These are people who have made mistakes, there’s no getting away from that, but that doesn’t mean they should be written off. They have done their time. Often all they want is an opportunity to prove themselves. They have all been vetted for their suitability. We have absolutely no regrets about taking any of them on.”
One of the reasons behind Simpson’s glowing recommendation of ex-offender recruits is the improved retention or ‘churn’ rate between those that have served their time and others that are recruited by other more conventional means.
We have looked at different areas for recruitment but the ex-offender route has comfortably outstripped others. We don’t want cheap labour; we want skilled trades and we are prepared to train and support those we take on in other areas of their lives to do that. More often than not they respond to that loyalty by staying with us.”
This outperformance is witnessed across other contractors. Willmott Dixon has been working on helping ex-offenders find full-time post-custodial employment since it first dipped its toes into working with ‘at risk’ young people a decade ago. It too has witnessed a substantial reduction in drop-out rates across its catalogue of placements and training regimes for prisoners compared to other areas of recruitment.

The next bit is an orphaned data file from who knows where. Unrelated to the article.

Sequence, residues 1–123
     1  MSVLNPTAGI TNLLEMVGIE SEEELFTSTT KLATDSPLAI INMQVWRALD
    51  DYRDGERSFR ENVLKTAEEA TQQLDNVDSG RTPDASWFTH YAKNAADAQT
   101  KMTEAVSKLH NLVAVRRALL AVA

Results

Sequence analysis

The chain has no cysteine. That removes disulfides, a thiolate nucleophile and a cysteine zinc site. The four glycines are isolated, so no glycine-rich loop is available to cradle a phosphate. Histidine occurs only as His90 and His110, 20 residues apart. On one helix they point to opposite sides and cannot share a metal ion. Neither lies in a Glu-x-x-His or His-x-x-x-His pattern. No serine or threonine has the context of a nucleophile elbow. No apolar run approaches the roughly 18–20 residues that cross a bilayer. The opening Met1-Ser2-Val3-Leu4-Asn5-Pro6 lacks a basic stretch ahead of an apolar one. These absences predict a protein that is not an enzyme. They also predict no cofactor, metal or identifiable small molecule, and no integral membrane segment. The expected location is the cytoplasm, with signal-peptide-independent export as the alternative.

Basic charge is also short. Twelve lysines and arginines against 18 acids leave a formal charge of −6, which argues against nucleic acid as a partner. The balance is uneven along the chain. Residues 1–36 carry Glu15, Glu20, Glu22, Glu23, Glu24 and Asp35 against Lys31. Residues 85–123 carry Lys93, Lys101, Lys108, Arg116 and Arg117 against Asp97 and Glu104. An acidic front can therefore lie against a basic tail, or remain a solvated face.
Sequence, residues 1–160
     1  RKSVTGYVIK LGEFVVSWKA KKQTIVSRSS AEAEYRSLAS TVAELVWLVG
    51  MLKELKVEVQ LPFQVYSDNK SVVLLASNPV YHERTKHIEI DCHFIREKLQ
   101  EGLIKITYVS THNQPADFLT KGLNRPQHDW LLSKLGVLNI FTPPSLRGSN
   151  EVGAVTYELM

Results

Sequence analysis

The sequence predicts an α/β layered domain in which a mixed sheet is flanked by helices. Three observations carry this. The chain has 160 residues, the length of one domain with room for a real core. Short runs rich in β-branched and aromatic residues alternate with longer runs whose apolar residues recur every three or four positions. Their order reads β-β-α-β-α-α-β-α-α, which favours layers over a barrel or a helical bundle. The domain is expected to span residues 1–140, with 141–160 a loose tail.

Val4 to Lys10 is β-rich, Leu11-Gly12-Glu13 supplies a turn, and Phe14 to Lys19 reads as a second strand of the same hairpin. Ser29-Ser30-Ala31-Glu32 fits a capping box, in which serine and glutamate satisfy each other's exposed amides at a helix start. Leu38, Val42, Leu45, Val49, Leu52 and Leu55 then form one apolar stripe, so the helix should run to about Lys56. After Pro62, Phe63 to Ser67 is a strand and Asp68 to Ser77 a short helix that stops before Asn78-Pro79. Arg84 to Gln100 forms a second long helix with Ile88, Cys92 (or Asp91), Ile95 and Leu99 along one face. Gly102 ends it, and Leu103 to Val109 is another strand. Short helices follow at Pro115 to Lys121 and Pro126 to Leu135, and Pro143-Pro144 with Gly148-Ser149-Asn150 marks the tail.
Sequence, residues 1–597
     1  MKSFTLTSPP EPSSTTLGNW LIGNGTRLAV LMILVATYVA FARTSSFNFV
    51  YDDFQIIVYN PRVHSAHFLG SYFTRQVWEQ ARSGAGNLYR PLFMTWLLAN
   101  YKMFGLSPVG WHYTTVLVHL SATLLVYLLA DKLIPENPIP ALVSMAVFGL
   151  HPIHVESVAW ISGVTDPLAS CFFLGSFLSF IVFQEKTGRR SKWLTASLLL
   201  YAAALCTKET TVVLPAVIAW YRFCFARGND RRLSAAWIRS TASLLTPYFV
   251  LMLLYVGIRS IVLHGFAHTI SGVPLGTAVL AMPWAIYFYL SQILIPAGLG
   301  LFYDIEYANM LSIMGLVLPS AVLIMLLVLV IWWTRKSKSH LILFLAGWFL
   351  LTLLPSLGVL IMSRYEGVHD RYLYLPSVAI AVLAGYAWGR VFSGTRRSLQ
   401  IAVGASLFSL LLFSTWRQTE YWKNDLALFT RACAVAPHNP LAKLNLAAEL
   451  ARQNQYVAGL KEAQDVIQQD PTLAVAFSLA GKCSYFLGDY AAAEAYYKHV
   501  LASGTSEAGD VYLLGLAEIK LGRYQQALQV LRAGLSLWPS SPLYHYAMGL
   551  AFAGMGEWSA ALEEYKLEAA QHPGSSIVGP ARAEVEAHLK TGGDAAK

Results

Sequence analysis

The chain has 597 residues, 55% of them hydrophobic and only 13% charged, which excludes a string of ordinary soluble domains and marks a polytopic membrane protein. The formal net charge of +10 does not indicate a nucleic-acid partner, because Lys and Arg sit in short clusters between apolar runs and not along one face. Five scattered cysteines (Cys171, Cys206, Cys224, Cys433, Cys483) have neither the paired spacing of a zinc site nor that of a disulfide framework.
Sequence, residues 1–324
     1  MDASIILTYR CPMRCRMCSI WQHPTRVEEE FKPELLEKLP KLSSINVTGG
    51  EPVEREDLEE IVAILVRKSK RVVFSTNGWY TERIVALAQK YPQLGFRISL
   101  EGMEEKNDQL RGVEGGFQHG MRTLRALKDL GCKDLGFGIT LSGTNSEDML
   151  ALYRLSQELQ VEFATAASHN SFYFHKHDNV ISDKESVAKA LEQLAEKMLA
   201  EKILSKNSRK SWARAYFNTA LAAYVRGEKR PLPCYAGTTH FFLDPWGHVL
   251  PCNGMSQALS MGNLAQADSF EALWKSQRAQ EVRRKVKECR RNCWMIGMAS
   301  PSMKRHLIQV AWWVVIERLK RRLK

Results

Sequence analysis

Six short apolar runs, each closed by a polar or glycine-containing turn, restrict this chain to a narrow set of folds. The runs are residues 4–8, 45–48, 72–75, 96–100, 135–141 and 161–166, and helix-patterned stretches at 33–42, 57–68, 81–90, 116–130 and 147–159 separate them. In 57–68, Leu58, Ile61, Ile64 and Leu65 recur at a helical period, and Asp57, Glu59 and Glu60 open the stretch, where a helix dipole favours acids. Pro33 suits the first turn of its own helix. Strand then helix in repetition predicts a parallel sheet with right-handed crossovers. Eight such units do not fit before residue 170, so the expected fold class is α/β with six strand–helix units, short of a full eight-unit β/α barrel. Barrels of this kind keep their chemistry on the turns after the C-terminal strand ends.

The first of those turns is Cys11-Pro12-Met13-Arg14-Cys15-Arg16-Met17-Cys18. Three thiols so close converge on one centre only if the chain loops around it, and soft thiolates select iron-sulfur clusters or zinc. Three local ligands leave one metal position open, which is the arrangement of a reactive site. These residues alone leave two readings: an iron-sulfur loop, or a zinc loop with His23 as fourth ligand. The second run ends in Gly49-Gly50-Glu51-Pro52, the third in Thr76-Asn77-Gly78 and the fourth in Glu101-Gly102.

Figures on reoffending do not make pretty reading. According to the Prison Reform Trust almost half of adults – 48% – are convicted of another offence within one year of their release. Government data suggest that adults released from shorter custodial sentences have a reoffending rate of around 60% over the 12 months following their release.
But offer prisoners the opportunity to develop useful skills while in custody – and provide them with a true career pathway – and those numbers improve dramatically. Figures from the Ministry of Justice indicate that ex-offenders in employment are 9% less likely to commit further crimes. The downside for everyone is that just 17% of released offenders are in employment a year after completing their sentences.